Depending on these thresholds, the transaction may fall under the scope of either French or European Union merger control mechanisms, as described hereafter.

a. French merger control

Venture capital investments resulting in a change of control of the target company must be notified to the French Competition Authority (Autorité de la Concurrence) when the following three conditions are cumulatively met:

i. the aggregate worldwide pre-tax turnover (achieved during the previous financial year) of all the parties to the concentration exceeds EUR 150 million, and

ii. at least two of the parties to the concentration each achieved individually, during the previous financial year, a pre-tax turnover in France exceeding EUR 50 million, and

iii. the transaction does not fall under the European Commission's jurisdiction (normally described as not having a so-called “EU dimension”).

Reduced thresholds will apply wherever:

- at least two of the parties are active in the retail trade sector, or

- at least one of the parties run(s) its/their activity or part of it in one or more French overseas departments or French overseas territories.

There are specific rules for calculating the turnover in sectors such as banking and finance, insurance, leasing, travelling, advertising, franchising, and for state-owned companies.

b. European Union merger control

The European Commission only examines larger mergers with an EU dimension, meaning that the concerned parties reach certain turnover thresholds. In a nutshell, one of the minimum thresholds to be met is a worldwide turnover of all the parties to the concentration over EUR 2.5 billion.

5) What are the preferred structures for investment in venture capital deals? What are the primary drivers for each of these structures?

Venture capital funds usually invest in venture capital deals by way of subscribing for ordinary shares (actions ordinaires) and/or preferred shares (actions de préférence). Preferred shares, which can grant their owners specific rights (such as multiple voting rights, prior access to information, priority dividend rights, etc.), are widely used in practice. However, the issuance of preferred shares can prove (i) costly, as an independent statutory auditor will have to be appointed, and (ii) complex insofar as special meetings of preferred shares’ holders shall be convened to approve any modifications related to the preferred shares.

It is also common for venture capital investors to subscribe to hybrid securities of the target company in addition to ordinary and/or preferred shares. Hybrid securities have developed considerably over the last years in France.

In addition to subscriptions for ordinary or preferred shares, investments often also take the form of subscriptions for convertible bonds (obligations convertibles) or bonds redeemable in shares (obligations remboursables en actions).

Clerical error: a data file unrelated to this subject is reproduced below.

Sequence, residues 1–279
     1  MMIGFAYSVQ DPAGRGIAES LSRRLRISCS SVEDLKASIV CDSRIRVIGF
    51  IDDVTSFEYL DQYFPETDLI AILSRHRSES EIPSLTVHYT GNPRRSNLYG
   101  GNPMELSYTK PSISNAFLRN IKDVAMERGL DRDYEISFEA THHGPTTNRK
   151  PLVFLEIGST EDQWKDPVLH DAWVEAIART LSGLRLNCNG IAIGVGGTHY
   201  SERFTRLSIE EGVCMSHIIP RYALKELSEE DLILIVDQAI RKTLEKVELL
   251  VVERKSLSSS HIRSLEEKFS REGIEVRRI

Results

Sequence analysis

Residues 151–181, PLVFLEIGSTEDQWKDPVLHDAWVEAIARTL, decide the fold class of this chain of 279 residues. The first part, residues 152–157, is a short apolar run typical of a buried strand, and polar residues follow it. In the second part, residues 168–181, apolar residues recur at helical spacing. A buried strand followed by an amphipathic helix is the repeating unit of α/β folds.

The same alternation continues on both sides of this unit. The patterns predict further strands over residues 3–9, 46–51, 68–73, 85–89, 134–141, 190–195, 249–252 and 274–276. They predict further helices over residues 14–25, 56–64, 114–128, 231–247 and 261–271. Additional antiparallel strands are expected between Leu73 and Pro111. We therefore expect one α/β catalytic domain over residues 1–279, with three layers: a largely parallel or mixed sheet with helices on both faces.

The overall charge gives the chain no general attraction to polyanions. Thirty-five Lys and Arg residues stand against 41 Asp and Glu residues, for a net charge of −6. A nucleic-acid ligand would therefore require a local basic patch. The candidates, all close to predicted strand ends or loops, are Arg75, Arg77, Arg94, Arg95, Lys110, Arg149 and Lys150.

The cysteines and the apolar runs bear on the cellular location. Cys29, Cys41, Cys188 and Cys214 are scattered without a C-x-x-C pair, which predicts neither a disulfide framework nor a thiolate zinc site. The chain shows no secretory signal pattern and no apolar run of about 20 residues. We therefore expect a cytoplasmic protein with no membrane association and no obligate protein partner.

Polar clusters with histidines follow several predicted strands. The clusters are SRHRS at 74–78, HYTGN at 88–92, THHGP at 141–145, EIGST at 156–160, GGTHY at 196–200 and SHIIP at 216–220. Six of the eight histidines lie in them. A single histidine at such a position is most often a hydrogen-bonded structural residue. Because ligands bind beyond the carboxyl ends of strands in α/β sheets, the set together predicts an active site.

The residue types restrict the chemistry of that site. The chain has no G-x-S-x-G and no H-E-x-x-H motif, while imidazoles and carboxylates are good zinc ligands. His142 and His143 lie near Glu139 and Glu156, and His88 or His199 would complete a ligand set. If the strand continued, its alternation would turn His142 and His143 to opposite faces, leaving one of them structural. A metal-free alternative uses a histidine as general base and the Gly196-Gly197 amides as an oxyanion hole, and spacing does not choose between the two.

6) Is there any restriction on rights available to venture capital investors in public companies?

The primary purpose of venture capital funds in France is not to invest in listed companies but to finance the creation or start-up phase of technology-intensive companies.

In this respect, it should be recalled that the venture capital activity is carried out mainly through dedicated investment vehicles such as FCPRs, FCPIs, FIPs, etc. (see question 2 above) that benefit from preferential tax regimes in return for restrictive investment rules, mainly regarding of the structure of their asset portfolio and in particular with regard to unlisted securities. For example, at least 50% of the assets of a FCPR must be made up of unlisted companies. This percentage is set at 70% minimum in FCPIs and FIPs and non-compliance with these thresholds entails a tax penalty.

As such, restrictions on investment in listed companies by venture capital investors take primarily the form of investment quotas.

7) What protections are generally available to venture capital investors in your jurisdiction?

Venture capital investors usually rely on the protection granted by the articles of association of the target company and the transactional documents, including inter alia the share transfer agreement and the shareholders’ agreement.

Venture capital investors are also granted representations and warranties (garantie d’actif et de passif) in connection with the shares being sold, and related indemnity protection.

To secure its indemnification obligations under the representations and warranties agreement, the seller is usually required to provide a guarantee, in the form of a first demand bank guarantee or joint guarantees provided by the seller or a bank. Apart from these guarantees, an alternative solution usually consists of placing a portion of the sale price in an escrow account.

8) Is warranty and indemnity insurance common in your jurisdiction? Are there any legal or practical challenges associated with obtaining such insurance?

Although the use of warranty and indemnity insurance (“W&I insurance”) has significantly developed over the last years, this type of insurance is not as widely used as other guarantees implemented to secure representations and warranties agreements, as detailed in question 7 above (first demand guarantee, joint and several guarantee, etc.). W&I insurance may either be effected by the buyer (typically) or the seller, or cumulatively effected by both of them. Given its specificities, W&I insurance is generally considered by the investor as a tool to complement the guarantees mentioned in question 7 above, not as a substitute for them.